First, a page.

Pacific Ocean trials of a young Dutch inventor’s system to clear plastic waste from the seas started this weekend, 240 nautical miles offshore from San Fransisco.
The system, devised by 24-year-old Boyan Slat while he was a student at Delft University, consists of a 600 metre-long floating curved boom which collects and holds waste until it can be collected.
The boom has a three metre skirt attached underneath it to catch waste floating just below the surface.
The start of the full sea trial follows hundreds of scale-model tests, a series of prototypes, research expeditions and trials involving a shorter boom in the North Sea.
If the two-week trial is successful, the boom will be towed towards what has become know as the Great Pacific Garbage Patch, 1,200 nautical miles offshore to start the clean up.
‘Today’s launch is an important milestone, but the real celebration will come once the first plastic returns to shore. For 60 years, mankind has been putting plastic into the oceans; from that day onwards, we’re taking it back out again,’ Slat said in a statement on Saturday.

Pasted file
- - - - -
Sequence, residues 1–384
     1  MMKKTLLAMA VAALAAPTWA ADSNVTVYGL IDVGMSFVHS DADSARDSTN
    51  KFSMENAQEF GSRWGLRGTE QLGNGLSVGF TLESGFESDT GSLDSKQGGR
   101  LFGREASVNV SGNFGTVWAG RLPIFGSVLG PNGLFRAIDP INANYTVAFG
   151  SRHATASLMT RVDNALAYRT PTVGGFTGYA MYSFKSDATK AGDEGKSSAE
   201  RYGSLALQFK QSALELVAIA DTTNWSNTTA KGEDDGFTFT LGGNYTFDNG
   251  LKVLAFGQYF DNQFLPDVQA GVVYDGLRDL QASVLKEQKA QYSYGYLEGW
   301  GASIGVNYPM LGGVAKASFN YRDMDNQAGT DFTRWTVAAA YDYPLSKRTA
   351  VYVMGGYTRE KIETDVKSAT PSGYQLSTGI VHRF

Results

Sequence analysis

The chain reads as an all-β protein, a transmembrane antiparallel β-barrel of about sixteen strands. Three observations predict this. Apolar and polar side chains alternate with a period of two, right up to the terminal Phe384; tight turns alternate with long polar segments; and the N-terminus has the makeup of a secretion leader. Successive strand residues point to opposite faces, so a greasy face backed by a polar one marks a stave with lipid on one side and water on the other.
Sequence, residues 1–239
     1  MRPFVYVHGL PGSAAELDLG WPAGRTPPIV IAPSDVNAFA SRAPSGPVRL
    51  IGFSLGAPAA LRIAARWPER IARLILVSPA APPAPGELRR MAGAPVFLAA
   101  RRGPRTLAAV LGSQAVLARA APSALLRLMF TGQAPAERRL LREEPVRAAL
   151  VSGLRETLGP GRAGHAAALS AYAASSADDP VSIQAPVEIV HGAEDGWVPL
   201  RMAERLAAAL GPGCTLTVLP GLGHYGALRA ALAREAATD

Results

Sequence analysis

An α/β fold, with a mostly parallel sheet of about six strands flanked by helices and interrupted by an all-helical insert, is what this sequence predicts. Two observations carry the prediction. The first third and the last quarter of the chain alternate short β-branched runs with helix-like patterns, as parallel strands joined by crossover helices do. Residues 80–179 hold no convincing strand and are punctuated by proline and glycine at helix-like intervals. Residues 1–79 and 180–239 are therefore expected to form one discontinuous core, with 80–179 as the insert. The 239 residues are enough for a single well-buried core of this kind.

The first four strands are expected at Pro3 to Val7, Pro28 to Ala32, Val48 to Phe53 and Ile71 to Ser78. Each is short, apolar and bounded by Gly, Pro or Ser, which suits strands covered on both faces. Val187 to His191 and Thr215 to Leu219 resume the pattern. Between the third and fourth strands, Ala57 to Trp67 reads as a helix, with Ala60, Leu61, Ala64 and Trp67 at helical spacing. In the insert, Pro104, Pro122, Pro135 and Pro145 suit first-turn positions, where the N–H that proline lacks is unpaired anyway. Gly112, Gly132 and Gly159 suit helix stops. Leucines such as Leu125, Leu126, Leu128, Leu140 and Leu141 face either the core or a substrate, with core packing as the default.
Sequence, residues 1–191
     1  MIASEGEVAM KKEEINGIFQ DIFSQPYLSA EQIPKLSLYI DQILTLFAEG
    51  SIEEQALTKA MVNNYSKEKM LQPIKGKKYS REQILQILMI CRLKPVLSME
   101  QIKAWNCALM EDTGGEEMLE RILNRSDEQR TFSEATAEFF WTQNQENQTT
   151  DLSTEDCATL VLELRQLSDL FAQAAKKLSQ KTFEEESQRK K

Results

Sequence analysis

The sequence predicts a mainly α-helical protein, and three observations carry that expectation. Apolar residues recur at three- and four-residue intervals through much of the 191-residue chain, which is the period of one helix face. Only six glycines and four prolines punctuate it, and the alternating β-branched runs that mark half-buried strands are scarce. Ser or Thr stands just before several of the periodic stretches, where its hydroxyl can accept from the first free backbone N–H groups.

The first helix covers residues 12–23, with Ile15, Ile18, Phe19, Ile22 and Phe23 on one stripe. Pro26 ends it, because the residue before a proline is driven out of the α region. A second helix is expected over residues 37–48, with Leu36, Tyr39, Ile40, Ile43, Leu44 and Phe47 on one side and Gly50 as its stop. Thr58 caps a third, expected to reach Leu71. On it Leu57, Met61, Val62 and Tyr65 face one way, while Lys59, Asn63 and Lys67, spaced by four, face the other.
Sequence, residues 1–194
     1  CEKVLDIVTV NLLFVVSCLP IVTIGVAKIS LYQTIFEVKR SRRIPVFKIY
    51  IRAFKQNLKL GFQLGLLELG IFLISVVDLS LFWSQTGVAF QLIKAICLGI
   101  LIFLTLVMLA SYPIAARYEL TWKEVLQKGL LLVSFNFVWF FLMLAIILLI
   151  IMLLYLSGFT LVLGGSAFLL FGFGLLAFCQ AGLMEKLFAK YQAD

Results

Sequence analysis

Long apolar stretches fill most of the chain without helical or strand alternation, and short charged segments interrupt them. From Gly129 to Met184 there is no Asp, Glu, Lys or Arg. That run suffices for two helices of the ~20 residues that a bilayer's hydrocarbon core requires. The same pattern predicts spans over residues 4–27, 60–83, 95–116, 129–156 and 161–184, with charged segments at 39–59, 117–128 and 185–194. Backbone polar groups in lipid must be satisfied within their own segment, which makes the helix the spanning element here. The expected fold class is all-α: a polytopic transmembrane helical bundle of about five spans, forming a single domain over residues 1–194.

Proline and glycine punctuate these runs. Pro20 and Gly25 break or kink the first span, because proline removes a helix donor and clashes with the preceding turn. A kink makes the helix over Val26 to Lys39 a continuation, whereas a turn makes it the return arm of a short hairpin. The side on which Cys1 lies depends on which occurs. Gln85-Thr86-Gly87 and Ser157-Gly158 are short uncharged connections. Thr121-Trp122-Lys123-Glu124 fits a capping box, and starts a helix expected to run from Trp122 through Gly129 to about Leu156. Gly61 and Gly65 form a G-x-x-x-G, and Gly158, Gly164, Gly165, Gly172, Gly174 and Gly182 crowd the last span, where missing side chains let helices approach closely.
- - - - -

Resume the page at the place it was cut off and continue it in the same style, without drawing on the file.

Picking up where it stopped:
Slat raised the first $2m to to fund his ambitious plan via crowdfunding in 2014. Today the OceanCleanup has a staff of 70 and counts Dutch marine services group Boskalis and Denmark’s shipping giant Maersk among its backers.
If the current trial is successful, and if the funding is available, The Ocean Cleanup aims to scale up to a fleet of approximately 60 systems focused on the Great Pacific Garbage Patch over the next two years.
‘The system is designed to be propelled by wind and waves, allowing it to passively catch and concentrate plastic debris in front of it,’ the organisation says. ‘Moving slightly faster than the plastic, the system will act like a giant Pac-Man, skimming the surface of the ocean.’
The Ocean Cleanup projects that the full fleet can remove half of the plastic in the Great Pacific Garbage Patch within five years’ time.
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